Photo/Illutration Doves are released during an annual event to mark the 76th anniversary of the atomic bombing of Nagasaki at Nagasaki Peace Park on Aug. 9. (Pool)

NAGASAKI--Nagasaki Mayor Tomihisa Taue pointed to a treaty to ban nuclear weapons that Japan has refused to sign at the memorial ceremony to mark the 76th anniversary of the atomic bombing of the city here on Aug. 9. 

In his Nagasaki Peace Declaration, Taue expressed support for the Treaty on the Prohibition of Nuclear Weapons (TPNW), which went into effect in January.

He said the international treaty clearly states for the first time in human history that nuclear weapons are illegal and urged it to become a “universal rule.”

Taue also said that hibakusha survivors are determined to make Nagasaki the site of the final atomic bombing, and it is also a goal of the TPNW. He urged the central government to sign and ratify the treaty.

But Prime Minister Yoshihide Suga, in his speech that followed at Nagasaki Peace Park, did not mention the TPNW.

“We will push our efforts to realize a world without nuclear weapons,” Suga said.

At a news conference later, Suga said, “It is necessary to involve nuclear-weapon states in order to realize a world without nuclear weapons.”

Regarding Japan’s participation as an observer in the first meeting of signatory nations of the TPNW expected next year, Suga said, “I will consider it carefully.”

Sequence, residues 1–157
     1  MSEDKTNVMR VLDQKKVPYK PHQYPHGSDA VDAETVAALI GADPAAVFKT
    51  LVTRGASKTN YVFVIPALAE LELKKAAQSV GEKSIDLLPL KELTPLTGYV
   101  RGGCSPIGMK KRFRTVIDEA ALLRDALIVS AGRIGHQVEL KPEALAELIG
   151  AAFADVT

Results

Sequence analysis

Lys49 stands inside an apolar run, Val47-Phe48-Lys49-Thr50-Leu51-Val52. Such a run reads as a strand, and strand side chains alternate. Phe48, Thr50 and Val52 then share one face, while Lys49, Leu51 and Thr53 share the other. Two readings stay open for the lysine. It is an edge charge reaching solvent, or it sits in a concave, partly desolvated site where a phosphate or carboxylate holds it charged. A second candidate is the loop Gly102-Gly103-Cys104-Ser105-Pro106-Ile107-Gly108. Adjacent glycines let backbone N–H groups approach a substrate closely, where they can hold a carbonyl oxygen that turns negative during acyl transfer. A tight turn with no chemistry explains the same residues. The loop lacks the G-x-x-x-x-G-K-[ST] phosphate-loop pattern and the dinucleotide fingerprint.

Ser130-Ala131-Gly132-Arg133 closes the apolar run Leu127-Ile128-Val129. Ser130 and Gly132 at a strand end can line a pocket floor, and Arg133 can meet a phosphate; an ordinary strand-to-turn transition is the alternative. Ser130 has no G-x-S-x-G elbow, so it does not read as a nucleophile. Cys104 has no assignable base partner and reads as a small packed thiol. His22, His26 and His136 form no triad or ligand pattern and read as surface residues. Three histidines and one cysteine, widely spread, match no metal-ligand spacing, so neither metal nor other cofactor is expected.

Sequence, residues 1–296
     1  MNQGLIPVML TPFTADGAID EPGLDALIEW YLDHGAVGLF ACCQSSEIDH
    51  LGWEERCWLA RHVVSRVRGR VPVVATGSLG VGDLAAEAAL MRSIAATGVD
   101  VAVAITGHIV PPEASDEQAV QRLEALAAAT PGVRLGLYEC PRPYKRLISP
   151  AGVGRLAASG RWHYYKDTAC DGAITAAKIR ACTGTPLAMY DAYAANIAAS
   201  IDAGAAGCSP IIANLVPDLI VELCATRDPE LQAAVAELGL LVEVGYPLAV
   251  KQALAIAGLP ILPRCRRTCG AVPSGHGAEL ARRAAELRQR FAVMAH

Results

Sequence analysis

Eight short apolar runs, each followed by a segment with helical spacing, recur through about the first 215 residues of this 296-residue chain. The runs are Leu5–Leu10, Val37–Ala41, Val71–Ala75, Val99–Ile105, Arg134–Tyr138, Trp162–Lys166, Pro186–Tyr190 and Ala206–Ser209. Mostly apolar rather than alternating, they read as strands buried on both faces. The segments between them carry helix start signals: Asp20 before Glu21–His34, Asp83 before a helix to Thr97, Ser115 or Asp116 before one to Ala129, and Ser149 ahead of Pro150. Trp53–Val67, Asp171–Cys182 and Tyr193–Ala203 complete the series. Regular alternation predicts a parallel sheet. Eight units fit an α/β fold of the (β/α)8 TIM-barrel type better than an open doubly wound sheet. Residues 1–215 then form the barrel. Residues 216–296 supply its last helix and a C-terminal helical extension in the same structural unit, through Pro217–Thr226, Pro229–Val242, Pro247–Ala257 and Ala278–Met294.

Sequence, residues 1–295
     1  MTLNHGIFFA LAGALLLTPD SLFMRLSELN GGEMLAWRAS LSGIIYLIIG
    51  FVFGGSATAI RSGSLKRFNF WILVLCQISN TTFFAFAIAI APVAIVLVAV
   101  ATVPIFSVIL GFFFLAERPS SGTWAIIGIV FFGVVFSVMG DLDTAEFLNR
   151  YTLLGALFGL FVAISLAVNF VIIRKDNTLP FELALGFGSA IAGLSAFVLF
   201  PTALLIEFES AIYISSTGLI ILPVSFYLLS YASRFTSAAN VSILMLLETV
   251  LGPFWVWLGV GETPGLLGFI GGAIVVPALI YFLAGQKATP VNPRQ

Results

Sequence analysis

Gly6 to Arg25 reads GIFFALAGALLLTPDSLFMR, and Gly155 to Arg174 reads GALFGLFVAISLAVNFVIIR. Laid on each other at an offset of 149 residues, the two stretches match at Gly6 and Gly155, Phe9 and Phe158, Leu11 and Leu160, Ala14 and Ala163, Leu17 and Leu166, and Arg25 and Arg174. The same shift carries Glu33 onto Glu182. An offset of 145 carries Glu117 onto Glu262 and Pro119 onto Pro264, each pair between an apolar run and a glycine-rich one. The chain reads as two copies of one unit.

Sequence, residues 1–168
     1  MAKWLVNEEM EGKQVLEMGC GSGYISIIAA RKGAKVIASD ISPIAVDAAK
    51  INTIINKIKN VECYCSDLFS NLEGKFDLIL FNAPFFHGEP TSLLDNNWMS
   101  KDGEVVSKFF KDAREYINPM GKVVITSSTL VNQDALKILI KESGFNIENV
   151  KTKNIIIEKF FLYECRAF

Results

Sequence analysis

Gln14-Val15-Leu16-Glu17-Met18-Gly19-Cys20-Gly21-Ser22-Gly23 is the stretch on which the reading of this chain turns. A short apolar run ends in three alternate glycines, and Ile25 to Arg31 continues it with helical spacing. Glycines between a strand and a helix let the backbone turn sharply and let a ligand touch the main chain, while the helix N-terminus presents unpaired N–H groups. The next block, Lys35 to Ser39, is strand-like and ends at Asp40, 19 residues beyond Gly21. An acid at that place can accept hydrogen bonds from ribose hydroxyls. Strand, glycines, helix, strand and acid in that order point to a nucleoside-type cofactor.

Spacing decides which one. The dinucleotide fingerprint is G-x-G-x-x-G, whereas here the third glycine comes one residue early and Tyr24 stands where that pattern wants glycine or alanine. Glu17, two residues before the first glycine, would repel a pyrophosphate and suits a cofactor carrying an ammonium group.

But he reiterated that he has no intention of signing the TPNW, just as he did during his visit to Hiroshima on Aug. 6 for the annual memorial event in Hiroshima Peace Memorial Park.

After the Hiroshima High Court ruling in July that recognized those whom “black rain” fell on in the days after the atomic bombing as hibakusha, Suga said that the government would consider relief measures for those in similar circumstances to the plaintiffs.

But at the ceremony on Aug. 9, Suga did not mention assistance for those who suffered under the same circumstances in Nagasaki.

At the news conference, Suga said, “A lawsuit is under way, so I want to pay attention to the developments.”

The annual ceremony was downsized due to the novel coronavirus pandemic, as it was last year.

Approximately 500 attendees observed a moment of silence at 11:02 a.m., the time the atomic bomb was dropped over Nagasaki on Aug. 9, 1945.